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The Avengers wasn’t always a franchise – then New Avengers changed everything

The word “franchise” is used a lot in comics circles, but if there’s one property that has really evolved over the last 20 years to deserve the “franchise” label, it’s Marvel Comics’ The Avengers.

While it’s always been a high-profile title, The Avengers wasn’t always a franchise.

And it certainly wasn’t a flagship.

It’s a more subjective term, in Marvel terms, purported to belong to the X-Men in the ’90s. And if there’s only one flagship, it’s likely that there will be a controversy between Spider-Man and the Avengers as Marvel’s flagship franchise.

But either way, it wasn’t Avengers until December 2004, when Marvel released a complete overhaul of the existing Avengers comic series and handed the title to writer Brian Michael, who kicked off the publisher’s Ultimate Universe four years ago.

New cover of Avengers #12

New cover for Avengers #12 (Image credit: David Finch (Marvel Comics))

“This was a huge turning point not only in the history of the Avengers, but also in the history of Marvel Comics,” said longtime Marvel writer Dan Slott, who wrote The Mighty Avengers and Avengers: The Initiative. “The team that adopted the Avengers name [in 2004]With Wolverine and Spider-Man and the biggest guns and Brian’s favorite characters – it’s become the mainstay not just for Marvel, but for comics as well. And it stayed there for a very long time. That speaks to the genius behind this movement.”

While the Avengers’ re-launch was controversial at the time, Slott isn’t the only one to notice its success. At one point there were four different Avengers comics series hitting shelves each month, and one or two were usually bestsellers like watches. Marvel has once again announced that it will be releasing four simultaneous Avengers releases — the main title and Avengers Forever, both written by Jason Aaron, Savage Avengers debuted in May by writer David Pepose, and writer Derek Landy released All-Out Avengers in September.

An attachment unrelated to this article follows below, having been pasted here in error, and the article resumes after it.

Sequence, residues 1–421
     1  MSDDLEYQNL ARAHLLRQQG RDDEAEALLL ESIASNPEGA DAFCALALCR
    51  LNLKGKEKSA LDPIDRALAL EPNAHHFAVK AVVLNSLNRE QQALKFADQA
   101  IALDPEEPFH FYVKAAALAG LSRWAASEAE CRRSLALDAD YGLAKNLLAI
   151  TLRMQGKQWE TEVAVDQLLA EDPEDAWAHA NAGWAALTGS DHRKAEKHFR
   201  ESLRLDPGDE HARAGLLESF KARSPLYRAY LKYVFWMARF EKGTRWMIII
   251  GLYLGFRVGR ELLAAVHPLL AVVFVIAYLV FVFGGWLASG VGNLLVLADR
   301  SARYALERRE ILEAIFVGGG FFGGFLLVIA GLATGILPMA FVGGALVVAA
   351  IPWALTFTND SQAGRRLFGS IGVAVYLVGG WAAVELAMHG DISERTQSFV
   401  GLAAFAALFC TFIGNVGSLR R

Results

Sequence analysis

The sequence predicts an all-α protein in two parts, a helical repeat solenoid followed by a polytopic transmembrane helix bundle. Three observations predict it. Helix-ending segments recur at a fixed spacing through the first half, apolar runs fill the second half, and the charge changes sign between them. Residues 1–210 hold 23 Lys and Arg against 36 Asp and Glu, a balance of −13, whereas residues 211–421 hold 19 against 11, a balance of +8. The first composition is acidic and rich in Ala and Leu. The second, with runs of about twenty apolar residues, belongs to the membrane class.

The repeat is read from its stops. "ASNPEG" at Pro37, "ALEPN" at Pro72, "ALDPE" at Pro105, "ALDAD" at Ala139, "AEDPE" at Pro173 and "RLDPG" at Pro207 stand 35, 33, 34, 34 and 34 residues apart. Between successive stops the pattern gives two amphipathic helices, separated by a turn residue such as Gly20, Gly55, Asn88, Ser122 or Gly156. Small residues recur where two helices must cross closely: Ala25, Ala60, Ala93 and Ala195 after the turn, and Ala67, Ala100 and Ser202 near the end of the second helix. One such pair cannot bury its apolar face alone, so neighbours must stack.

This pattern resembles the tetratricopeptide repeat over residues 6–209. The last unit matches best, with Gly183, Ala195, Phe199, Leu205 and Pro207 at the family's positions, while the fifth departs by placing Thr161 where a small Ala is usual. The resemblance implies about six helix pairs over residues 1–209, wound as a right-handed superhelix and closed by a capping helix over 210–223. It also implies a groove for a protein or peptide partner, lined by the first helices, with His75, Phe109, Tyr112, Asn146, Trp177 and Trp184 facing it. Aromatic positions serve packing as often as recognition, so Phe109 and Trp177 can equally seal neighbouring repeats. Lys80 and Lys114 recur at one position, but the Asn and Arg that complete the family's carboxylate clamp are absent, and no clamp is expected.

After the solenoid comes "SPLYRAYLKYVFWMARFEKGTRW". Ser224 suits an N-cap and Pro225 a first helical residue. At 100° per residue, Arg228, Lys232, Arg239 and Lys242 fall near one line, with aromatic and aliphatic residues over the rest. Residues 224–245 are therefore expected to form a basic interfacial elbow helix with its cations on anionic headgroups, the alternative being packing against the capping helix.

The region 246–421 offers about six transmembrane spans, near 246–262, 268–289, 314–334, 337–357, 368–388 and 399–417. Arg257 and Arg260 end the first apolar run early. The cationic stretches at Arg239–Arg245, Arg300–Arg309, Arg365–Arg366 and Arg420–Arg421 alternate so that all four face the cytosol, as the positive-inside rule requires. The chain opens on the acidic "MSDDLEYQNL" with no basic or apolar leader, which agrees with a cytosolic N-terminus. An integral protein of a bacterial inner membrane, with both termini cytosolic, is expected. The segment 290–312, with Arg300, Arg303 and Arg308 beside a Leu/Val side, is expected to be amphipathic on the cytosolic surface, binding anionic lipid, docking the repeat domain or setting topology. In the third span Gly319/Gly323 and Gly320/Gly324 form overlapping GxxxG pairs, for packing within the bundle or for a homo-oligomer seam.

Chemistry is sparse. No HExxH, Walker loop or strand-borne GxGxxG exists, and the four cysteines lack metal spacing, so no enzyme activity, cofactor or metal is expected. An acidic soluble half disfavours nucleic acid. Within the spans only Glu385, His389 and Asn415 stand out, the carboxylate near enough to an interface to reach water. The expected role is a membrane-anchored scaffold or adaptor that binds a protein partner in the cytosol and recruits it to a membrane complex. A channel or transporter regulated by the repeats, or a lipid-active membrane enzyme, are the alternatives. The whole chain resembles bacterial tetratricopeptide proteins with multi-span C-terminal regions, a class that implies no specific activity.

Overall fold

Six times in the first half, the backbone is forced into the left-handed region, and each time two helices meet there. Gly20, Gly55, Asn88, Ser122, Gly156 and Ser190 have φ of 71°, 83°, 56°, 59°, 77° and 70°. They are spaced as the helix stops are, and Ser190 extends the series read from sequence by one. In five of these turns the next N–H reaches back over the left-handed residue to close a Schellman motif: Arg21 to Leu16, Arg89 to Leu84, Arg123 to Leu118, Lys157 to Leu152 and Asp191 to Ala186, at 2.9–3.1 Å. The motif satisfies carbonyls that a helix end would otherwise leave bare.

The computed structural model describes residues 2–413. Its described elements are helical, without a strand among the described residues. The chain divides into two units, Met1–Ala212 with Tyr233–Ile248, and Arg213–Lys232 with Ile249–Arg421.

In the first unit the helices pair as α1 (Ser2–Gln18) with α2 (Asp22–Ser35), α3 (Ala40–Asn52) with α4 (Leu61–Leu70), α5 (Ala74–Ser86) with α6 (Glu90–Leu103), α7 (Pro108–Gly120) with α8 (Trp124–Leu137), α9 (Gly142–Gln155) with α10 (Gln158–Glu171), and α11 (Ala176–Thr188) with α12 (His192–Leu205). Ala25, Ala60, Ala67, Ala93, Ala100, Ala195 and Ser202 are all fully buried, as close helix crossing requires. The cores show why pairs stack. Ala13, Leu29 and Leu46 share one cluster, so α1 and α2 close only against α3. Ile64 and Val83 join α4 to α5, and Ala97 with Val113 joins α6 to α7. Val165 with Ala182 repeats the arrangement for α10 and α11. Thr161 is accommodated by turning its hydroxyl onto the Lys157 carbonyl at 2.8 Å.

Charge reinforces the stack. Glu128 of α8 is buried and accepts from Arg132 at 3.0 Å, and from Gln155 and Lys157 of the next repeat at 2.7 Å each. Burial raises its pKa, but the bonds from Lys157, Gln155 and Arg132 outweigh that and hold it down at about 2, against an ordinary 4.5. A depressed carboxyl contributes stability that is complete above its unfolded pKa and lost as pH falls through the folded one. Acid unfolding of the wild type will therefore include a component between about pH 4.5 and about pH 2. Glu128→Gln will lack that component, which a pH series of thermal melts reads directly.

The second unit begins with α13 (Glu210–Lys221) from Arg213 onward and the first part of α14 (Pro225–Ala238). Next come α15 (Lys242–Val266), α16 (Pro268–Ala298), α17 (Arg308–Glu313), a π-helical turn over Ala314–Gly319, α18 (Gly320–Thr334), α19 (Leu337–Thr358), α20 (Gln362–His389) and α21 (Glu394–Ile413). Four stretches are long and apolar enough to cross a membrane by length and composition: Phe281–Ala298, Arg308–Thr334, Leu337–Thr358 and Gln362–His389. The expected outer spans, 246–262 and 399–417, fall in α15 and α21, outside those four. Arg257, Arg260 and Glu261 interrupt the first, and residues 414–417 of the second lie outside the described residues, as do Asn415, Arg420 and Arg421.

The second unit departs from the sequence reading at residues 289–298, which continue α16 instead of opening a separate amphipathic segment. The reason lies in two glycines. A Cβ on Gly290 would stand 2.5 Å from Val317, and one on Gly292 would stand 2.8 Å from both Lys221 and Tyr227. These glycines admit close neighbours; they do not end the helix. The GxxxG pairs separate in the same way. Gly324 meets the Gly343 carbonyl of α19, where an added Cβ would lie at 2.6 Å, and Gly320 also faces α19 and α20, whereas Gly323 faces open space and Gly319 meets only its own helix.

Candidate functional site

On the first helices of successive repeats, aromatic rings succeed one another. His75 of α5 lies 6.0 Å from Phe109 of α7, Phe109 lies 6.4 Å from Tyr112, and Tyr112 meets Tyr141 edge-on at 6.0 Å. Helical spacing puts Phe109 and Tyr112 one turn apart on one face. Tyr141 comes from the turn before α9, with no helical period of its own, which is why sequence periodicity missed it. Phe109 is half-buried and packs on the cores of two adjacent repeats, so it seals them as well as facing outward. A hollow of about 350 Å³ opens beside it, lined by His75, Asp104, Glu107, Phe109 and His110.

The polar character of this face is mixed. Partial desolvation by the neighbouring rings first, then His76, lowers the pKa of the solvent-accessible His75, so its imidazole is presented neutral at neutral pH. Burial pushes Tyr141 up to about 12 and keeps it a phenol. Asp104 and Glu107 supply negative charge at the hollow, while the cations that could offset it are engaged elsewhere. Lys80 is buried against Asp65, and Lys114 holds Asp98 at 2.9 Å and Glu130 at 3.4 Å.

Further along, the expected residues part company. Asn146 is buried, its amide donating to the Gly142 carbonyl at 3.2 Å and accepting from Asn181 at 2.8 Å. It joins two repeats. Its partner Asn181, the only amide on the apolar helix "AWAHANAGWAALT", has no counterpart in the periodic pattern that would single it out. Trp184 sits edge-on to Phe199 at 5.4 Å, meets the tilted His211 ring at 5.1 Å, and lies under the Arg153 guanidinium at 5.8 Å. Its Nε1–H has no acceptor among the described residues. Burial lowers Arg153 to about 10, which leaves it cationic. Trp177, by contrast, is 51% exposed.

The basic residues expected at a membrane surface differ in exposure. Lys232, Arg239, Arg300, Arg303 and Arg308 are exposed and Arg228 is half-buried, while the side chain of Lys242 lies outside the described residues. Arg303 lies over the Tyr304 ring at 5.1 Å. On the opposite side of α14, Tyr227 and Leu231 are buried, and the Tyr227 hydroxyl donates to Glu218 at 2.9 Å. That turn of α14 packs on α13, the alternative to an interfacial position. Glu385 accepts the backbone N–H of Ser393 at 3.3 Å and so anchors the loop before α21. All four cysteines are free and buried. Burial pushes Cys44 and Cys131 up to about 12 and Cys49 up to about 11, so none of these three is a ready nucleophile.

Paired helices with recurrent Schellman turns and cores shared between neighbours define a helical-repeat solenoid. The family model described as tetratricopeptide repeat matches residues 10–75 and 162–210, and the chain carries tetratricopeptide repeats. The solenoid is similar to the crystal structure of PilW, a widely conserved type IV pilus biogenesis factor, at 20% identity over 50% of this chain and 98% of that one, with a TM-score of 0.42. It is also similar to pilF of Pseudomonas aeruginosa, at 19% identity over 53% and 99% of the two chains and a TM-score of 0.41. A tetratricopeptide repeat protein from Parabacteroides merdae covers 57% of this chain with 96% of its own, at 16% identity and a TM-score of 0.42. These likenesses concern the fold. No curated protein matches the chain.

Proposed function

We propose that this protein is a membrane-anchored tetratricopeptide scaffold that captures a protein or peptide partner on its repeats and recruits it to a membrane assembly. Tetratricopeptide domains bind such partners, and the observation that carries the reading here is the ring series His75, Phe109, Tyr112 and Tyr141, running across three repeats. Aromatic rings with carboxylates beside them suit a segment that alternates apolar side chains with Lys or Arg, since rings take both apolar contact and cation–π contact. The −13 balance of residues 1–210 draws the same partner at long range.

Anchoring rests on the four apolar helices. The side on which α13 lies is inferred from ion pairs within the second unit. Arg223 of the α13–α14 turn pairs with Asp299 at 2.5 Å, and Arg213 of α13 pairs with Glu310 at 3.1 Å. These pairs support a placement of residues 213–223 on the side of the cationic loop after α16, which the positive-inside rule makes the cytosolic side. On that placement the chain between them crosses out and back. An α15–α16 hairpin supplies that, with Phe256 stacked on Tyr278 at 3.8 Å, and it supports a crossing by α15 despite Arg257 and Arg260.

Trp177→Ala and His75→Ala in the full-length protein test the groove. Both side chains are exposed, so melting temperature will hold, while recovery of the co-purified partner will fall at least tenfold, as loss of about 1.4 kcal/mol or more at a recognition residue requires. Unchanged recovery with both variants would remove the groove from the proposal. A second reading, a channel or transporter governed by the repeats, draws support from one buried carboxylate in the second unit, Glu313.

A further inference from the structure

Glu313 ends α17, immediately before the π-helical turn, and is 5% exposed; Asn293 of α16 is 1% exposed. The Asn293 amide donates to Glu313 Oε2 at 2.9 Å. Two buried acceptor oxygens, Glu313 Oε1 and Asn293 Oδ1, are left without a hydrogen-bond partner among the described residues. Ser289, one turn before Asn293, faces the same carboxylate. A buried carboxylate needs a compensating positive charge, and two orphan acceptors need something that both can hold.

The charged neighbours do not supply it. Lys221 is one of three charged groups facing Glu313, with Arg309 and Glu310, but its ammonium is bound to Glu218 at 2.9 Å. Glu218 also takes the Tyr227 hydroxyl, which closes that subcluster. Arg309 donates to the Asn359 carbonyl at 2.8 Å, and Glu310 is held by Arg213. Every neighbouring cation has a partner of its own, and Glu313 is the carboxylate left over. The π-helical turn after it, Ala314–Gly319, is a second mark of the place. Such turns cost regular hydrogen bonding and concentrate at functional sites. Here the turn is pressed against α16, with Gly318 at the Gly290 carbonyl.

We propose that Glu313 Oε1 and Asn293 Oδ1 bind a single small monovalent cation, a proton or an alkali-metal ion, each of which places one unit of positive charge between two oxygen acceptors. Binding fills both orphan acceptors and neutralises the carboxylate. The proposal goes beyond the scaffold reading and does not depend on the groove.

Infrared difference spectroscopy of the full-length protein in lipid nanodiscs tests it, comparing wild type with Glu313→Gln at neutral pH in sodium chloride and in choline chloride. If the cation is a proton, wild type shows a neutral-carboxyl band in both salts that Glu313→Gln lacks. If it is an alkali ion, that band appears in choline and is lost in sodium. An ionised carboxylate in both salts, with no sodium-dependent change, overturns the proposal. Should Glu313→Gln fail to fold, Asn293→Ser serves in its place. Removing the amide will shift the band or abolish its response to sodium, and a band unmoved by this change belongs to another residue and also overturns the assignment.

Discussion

And since the series’ revamp in 2004, Avengers titles have played a central role in nearly every major event for the publisher – from Civil War to the recently ‘Heroes Reborn’ to 2022’s AX (which stands for Avengers-X-Men-Eternals). ). ) Judgment Day.

While it might be considered trivial, it wasn’t until the 2004 re-release that an Avengers title routinely broke into the top 10 for sales. But it became a staple in ‘Avengers Disassembled’ and The New Avengers.

“Once that happened, and the word ‘franchise’ started being used in meetings, I knew it was only a matter of time before other teams and subsidiaries would emerge,” Bendis said in 2009. We didn’t move very fast. and that we continue to treat the Avengers franchise like the top team I always imagined it should be.

What makes Avengers unique?

new avengers

The New Avengers (Image Credit: David Finch (Marvel Comics))

“You know, I think a lot about what makes the Avengers unique among all the other superhero teams,” Bendis said. “The Fantastic Four are a family, and the X-Men are all related for a similar reason. But the Avengers are there because they all believe in the same thing.”

Bendis said this belief should be that of a group that comes together to fight enemies that members cannot fight individually.

New excerpt from Avengers #1

A new excerpt from Avengers #1 (Image Credit: David Finch (Marvel Comics))

“Captain America believes in the idea of ​​Avengers. Tony Stark believes so much that he is ready to pay the price. “Thor believes that so much that he’s willing to hang out with these guys.”

“As I sat down and wrote them down, I remembered the first argument: Heroes banded together to fight enemies they couldn’t fight alone. And you don’t get any more complicated than that,” Bendis said, “and I think the writers who stick with it have created some truly unique Marvel stories.”

Bendis, who recently finished a study writing DC’s Justice League sequel, said it’s an honor to be a part of the Justice League or Avengers cadres, as a staff member, but also as a writer or artist.

“It’s a lot like getting players called to play for the Yankees,” he said. “Or when many of my friends are asked to write for DC or Marvel Comics, I feel like they’re being honored and had to deliver. That’s how I see people like Clint Barton reacting to the Avengers.”

Avengers ≠ Justice League

New excerpt from Avengers #11

A new excerpt from Avengers #11 (Image Credit: David Finch (Marvel Comics))

However, there are a few differences between the Justice League and the Avengers, including what former Avengers writer Kurt Busiek calls the distinction between the word “league” and the word “team.”

“Classically, the Justice League of America was a league and the Avengers were a team,” Busiek said, “and by that I mean the Justice League of America was an alliance of lone heroes who came together when needed, but came together for the first time. And the Avengers were primarily a team focused on working (and often living together) with a few members with individual responsibilities, but not most of the team.”

Tom Brevoort, Editor-in-Chief/Marvel Comics Senior Vice President of Publishing agrees, adding that the focus of the Justice League is getting the job done, while the Avengers comics tend to focus on the group’s relationship as a team.